Courtney Wade — True to Crabtree roots as ag teacherWade: 'I really want the students to see where their food comes from.'
Courtney Wade, a 22-year-old first-year agricultural teacher at Pisgah High School, is living proof that one simple motivational comment from a teacher can change a student’s life — and, in turn, positively eafect thousands of students’ lives in the future.
It wasn’t that long ago that Wade was an agricultural student and Future Farmers of America (FFA) member herself, across the county at Pisgah’s rival, Tuscola High School.
Her agricultural teacher, John Best, was by far her favorite teacher, she said.
“Mr. Best cared enough to take us outside North Carolina to Kentucky and Indiana for FFA events and he pushed me to receive the American Degree, the highest degree in FFA,” she said.
Although Wade was certainly in her element in the FFA, having grown up on a small beef cattle farm in Crabtree and having shown cattle, swine and sheep in local fairs since she was old enough to walk, she had never thought of teaching agriculture until one day during her senior year in high school.
Her teacher saw something in her that she hadn’t even seen in herself.
“I remember Mr. Best asked me, ‘What do you want to do?’ and I really didn’t know, and then he said, ‘You should think about teaching,’” said Wade.
She pursued her newfound dream and earned her Bachelor of Science in agricultural education from North Carolina State University in 2013.
After coming “fresh out of the gate” into agricultural teaching, this farm-girl-at-heart has made it a priority this year to offer her students a very hands-on, opportunity-rich experience inside and outside the classroom.
Wade’s students see her passion and enthusiasm for the program, and follow her naturally. Plus, she parks a tough-looking Ford F-150 pickup outside the classroom, which never hurts in establishing authority as a first-year teacher.
At Meadowbrook Elementary, Wade, working alongside Josh Justice, an Asheville native who taught horticulture and agricultural classes at East Rowan High School in Salisbury before accepting the horticulture teaching position at PHS in January, paired the high school students up with third and fourth graders to plant watermelon, pumpkin and sunflower seeds in the school’s garden.
The sunflowers were planted in memory of Meadowbrook Principal Anna Williams, said Justice.
Wade and Justice were presented with quite a challenge this year as construction to add more classrooms onto E building temporarily took down their greenhouse.
“A lot of people have been asking about the greenhouse, but we look forward to an upgraded, like-new one next year,” said Wade.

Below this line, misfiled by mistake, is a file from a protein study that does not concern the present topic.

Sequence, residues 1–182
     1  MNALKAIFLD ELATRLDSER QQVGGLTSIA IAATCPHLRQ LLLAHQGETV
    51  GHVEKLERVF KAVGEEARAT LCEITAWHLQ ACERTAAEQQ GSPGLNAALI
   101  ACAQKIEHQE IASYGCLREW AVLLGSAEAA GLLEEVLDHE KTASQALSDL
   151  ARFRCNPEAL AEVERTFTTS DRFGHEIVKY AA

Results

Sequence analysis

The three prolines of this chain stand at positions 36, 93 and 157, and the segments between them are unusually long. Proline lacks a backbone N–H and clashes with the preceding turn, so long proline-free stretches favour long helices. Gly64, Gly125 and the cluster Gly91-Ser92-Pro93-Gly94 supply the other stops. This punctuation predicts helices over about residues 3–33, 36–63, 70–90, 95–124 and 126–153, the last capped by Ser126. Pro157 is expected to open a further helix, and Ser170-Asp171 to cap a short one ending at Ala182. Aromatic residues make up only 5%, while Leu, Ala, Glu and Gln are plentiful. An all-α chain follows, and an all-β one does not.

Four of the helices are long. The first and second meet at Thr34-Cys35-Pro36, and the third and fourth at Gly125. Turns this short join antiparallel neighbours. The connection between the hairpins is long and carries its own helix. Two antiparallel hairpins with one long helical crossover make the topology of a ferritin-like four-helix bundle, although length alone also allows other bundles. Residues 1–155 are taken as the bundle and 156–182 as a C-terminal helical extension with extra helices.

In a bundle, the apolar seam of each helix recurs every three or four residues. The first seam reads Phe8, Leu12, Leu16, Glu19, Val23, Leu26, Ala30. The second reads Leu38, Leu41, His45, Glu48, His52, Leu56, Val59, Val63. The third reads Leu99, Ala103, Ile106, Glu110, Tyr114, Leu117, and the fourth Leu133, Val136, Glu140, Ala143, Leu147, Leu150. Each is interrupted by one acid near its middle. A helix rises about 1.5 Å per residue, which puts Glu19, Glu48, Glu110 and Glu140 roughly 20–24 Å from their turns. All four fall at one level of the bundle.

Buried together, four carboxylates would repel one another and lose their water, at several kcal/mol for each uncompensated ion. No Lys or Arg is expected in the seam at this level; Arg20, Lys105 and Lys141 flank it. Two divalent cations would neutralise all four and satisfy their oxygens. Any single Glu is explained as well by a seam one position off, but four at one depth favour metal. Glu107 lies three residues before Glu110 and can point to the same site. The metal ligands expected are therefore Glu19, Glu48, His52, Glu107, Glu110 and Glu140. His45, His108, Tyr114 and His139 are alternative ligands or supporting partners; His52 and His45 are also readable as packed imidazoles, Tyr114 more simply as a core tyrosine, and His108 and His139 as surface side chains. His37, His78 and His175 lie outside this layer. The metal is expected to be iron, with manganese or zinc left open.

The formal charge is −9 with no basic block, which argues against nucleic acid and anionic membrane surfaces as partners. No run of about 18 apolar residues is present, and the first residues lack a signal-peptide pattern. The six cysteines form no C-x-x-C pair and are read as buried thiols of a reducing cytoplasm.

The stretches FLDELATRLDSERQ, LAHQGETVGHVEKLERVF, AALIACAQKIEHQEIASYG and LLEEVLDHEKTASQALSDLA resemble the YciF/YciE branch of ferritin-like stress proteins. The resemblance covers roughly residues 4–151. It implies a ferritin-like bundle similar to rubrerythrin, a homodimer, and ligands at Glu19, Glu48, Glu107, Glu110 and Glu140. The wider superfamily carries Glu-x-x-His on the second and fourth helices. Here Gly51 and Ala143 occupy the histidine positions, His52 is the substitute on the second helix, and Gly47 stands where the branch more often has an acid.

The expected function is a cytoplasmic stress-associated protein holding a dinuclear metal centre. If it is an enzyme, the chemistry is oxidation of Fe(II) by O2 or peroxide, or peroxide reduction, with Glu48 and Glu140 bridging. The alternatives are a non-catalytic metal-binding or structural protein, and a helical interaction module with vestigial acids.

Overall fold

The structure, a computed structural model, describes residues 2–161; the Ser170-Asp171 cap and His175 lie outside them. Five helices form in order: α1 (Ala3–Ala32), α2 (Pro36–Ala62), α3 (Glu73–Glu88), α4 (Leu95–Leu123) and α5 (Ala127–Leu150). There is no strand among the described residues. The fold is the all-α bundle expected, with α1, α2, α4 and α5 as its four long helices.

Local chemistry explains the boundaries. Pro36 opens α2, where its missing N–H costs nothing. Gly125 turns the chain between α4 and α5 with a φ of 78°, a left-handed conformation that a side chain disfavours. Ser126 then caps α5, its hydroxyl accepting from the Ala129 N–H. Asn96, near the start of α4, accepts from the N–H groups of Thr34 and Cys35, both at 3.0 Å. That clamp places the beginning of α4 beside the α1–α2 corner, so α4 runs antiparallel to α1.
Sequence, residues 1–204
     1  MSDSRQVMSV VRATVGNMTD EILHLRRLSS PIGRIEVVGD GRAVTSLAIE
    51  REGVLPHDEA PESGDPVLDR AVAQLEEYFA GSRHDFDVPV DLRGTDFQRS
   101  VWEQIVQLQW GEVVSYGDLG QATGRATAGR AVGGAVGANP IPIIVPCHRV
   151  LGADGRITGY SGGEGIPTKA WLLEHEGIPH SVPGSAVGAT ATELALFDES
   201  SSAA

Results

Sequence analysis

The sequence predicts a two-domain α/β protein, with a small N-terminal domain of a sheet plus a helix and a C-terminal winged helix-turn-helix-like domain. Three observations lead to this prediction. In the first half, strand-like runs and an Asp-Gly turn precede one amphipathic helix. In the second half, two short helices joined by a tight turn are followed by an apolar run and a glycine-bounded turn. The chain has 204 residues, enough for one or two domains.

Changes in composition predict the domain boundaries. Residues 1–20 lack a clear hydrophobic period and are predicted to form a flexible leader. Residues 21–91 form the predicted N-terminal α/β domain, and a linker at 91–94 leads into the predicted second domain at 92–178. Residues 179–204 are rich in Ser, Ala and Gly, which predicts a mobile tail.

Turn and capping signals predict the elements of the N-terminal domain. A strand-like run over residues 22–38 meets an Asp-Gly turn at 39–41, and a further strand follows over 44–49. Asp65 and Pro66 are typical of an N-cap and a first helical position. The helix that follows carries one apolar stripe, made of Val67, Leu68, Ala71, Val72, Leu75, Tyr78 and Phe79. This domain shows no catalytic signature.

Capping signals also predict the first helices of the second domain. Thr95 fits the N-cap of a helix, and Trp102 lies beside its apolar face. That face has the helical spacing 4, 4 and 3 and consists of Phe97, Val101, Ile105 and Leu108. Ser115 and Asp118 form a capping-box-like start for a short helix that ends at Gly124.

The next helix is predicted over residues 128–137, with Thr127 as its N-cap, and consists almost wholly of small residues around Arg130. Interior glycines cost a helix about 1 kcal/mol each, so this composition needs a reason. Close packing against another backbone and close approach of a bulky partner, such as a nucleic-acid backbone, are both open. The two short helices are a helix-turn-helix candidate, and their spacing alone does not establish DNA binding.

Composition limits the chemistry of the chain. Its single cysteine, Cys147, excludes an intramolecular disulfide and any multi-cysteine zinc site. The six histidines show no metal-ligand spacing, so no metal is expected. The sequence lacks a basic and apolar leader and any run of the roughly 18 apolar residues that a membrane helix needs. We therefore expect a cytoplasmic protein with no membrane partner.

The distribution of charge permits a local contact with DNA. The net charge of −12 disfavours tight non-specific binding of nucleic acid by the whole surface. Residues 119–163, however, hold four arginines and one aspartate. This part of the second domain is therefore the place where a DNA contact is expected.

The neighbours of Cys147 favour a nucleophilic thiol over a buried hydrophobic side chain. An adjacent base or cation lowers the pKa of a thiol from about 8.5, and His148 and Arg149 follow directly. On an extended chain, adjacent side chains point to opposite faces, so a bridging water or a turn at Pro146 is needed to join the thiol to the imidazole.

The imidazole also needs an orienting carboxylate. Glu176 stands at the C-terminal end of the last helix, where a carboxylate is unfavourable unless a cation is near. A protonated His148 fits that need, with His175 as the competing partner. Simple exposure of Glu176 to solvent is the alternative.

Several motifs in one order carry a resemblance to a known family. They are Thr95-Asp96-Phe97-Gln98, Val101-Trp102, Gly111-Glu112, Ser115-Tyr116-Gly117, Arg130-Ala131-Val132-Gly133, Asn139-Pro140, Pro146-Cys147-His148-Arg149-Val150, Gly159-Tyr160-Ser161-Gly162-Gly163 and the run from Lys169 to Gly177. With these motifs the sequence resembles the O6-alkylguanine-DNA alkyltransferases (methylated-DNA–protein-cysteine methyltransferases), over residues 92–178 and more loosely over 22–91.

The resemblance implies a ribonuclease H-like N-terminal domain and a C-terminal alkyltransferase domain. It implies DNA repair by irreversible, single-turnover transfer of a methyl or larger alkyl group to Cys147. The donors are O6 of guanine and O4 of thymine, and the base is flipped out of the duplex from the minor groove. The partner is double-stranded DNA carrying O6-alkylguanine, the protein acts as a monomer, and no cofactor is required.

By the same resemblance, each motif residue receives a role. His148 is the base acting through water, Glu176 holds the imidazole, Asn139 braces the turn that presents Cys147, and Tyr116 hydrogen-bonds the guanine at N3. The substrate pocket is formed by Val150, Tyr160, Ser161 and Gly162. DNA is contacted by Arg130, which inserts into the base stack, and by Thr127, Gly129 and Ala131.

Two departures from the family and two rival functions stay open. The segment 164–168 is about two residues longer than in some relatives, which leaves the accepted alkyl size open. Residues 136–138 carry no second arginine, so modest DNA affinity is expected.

For this year, however, the students have planted a campus garden that includes potatoes, tomatoes, squash, cucumbers, okra, green beans and bell peppers as well as several types of flowers, all of which will be available to the public.
“I really want the students to see where their food comes from because it’s amazing to me how many kids think food comes from the grocery store,” said Wade. “We also talk a lot in here about the local farms in Haywood County, like the tomato and other vegetable farms and the cattle farms, so the students will have that local connection.”
Wade is truly back to her Crabtree family farm roots on the campus farm where the students help raise chickens, goats, sheep, a dairy cow and seven nanny goats.
“We go down there and the students actually get to work with the animals and feed them and take care of them and they really enjoy that,” she said.
A total of 12 baby goats have been born this year.
When Wade watches her students watch the baby goats grow and make comments like “Oh my goodness, they have gotten so big!” she knows the classroom is actually coming alive before their eyes.
While Wade loves all the activities in Haywood County, her favorite part about the FFA is giving the students opportunities outside the county.
This year, the students have participated in several FFA competitive and career-development events including showing livestock in the Haywood, Mountain State and N.C. state fairs and attending the National FFA Convention in Louisville, Kentucky.
“A lot of these students would never have had these opportunities without the FFA,” said Wade.
“I have a lot of pride in the FFA because it’s a tradition for me and it gave me confidence and opportunities in high school,” Justic said. “When you put on that FFA blue jacket, you start smiling because it’s all about the respect of the jacket and a love of working with the land and the people.”
During one of those opportunity-rich trips this year, the FFA National Convention, Madison Mathis, Pisgah’s current FFA parliamentarian, said she was able to make up her mind on a career.
“I have always wanted to be a lawyer and I got to talk with an N.C. State professor who talked to me about being an agricultural attorney,” said Mathis. “He helped me decide to be an agricultural attorney because it combines my loves of agriculture and law.”
When Wade hears stories like that, she knows her favorite high school teacher’s motivation is already being passed down to her own students — and that makes all the hard work worthwhile.